Procession on Netflix Depicts the Art Which Cinema Is, Bundled With Real-Life Trauma

Procession on Netflix Depicts the Art Which Cinema Is, Bundled With Real-Life Trauma

TRIGGER WARNING: Mentions of Sexual Abuse

In his latest documentary about Catholic Church sex abuse, Robert Green shares directing credits with 6 middle-aged midwestern men who went through the unspeakable during their childhood. Procession on Netflix is awaiting its release on November 12 in theaters and November 19 on the streaming platform.

What is Procession on Netflix about?

As survivors of any form of abuse would know, healing doesn’t come easily. It takes years of character development and growth to forget the past and come to terms with it. And yet, a single act or incident can trigger their PTSD, reversing all the progress made.

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Six middle-aged men came together with the American documentary filmmaker, editor, and writer to create a masterpiece. The men were all survivors of Catholic sex abuse at the hands of priests and clergymen. A church, for them, was not a place that could provide them with any form of peace whatsoever.

And so working with Greene on Procession would allow them to speak out against the wrongs they’ve been through, using “drama therapy”. The documentary received massively positive critical acclaim at the Telluride Film Festival.

How does Procession help the men or other victims of Church sex abuse?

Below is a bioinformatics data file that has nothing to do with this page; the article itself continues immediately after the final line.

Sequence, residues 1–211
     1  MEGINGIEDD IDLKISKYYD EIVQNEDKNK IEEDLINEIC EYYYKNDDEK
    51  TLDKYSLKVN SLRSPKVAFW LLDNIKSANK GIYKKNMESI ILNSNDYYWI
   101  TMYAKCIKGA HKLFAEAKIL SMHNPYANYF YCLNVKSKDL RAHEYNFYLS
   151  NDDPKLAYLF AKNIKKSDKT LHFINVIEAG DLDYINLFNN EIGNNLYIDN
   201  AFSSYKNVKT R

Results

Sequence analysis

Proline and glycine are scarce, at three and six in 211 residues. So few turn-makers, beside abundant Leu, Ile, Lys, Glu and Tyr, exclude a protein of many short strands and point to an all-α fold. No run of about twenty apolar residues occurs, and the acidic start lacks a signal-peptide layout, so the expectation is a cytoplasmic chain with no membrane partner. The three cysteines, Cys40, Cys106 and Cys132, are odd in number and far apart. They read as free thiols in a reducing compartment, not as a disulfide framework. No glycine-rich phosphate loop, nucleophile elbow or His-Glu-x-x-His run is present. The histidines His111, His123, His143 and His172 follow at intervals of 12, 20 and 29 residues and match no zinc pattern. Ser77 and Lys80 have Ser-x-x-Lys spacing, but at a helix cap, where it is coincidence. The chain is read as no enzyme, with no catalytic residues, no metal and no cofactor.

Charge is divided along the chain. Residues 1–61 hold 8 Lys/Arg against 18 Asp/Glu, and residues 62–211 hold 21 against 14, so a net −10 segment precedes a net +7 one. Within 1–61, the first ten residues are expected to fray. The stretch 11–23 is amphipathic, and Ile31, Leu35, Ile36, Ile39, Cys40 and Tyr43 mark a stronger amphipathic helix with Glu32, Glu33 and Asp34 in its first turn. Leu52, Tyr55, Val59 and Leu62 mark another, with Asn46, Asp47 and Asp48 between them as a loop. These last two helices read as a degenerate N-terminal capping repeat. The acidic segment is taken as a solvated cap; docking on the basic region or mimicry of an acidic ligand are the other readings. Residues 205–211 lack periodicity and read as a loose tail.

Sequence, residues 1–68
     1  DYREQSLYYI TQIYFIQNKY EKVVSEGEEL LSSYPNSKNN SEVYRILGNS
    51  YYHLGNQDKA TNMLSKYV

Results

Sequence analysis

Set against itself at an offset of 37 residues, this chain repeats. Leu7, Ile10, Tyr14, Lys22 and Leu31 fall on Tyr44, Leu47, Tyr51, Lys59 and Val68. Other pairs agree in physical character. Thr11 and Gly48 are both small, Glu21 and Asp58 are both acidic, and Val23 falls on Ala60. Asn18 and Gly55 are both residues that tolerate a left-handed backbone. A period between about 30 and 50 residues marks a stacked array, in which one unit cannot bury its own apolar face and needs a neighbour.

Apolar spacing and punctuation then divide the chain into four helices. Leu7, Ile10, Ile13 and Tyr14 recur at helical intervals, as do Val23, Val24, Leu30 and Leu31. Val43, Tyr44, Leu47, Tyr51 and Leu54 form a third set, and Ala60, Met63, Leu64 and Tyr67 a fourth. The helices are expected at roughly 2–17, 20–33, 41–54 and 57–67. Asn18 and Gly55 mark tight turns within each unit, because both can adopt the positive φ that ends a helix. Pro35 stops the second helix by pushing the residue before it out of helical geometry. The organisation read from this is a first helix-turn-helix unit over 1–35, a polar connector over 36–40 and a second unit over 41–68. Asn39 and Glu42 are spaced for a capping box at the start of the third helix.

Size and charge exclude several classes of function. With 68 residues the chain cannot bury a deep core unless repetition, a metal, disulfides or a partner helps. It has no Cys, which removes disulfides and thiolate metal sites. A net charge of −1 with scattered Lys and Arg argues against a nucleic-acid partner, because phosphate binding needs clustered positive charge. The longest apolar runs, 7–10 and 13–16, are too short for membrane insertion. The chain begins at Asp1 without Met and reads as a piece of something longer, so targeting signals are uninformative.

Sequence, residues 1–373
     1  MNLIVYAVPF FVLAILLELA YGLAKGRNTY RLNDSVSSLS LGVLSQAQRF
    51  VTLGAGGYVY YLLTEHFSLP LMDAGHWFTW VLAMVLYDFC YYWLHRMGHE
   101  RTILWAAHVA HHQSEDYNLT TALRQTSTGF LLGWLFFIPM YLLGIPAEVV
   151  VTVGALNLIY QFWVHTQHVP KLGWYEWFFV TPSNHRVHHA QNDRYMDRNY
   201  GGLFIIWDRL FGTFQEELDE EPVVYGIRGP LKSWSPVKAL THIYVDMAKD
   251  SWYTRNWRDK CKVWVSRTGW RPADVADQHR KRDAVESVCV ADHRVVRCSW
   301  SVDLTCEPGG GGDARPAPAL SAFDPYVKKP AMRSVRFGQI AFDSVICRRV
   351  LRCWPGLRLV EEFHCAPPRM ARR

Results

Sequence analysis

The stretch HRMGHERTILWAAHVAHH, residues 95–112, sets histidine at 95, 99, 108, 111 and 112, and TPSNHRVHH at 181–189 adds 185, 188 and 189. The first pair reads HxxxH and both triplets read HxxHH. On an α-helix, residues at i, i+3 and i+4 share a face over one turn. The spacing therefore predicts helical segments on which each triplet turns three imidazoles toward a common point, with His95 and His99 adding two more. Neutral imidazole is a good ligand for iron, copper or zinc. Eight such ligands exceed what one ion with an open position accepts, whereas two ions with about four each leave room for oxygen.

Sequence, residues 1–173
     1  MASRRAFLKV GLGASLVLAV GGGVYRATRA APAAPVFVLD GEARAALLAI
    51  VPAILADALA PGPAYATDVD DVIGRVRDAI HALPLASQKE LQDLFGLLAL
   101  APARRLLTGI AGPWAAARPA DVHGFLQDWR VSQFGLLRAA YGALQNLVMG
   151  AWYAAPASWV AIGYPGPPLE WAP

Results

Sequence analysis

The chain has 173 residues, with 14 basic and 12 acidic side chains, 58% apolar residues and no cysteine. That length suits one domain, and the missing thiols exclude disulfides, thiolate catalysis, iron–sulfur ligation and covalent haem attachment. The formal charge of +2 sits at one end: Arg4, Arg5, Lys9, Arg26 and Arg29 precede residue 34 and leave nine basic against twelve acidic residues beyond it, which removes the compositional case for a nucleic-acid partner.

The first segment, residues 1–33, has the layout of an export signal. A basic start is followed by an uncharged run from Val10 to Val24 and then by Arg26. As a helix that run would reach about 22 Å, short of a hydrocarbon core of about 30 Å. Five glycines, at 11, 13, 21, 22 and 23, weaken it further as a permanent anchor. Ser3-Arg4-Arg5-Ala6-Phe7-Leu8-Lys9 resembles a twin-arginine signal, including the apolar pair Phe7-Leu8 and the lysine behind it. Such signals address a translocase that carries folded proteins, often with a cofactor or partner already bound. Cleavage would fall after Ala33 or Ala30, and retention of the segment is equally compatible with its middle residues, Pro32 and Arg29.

As an experimental healing catharsis inspired by drama, Greene brought these men together to direct a film based on their sufferings. The process of this collaborative teamwork would urge them to create fictional scenes based on memories, experiences, and dreams. The documentary Procession surrounds traditions, cultures, rituals, and hierarchies of the Catholic church system.

In an interview with IndieWire, Greene mentioned how “the filmmaking decisions are all tied into choices to be therapeutic.

And so, in a very Charles Dickens and David Copperfield style, the men were given a platform to grow out of their trauma by putting all their anger and distress into art. Each survivor was writing their own script and directing it themselves. The end results were collaborated to create something all victims of similar abuse could see themselves in.

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Not only did Procession prove to be something that allowed the six men to reclaim their voices, but it also became a platform. The men now had a voice that would not only allow but also encourage them to speak against a failed legal system that provided a safe space for the culprits to do something as immoral, unethical, and downright abhorrent as sexual abuse.

With Netflix having over 200 million users, the documentary is bound to leave a mark.

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